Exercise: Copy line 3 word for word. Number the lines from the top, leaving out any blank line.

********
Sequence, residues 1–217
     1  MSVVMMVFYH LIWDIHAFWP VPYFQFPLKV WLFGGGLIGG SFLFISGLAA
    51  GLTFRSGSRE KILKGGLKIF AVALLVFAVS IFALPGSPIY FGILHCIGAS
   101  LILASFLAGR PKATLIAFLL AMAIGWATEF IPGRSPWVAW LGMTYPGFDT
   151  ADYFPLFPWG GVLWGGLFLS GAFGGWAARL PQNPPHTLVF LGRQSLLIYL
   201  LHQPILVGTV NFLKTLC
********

    51  GLTFRSGSRE KILKGGLKIF AVALLVFAVS IFALPGSPIY FGILHCIGAS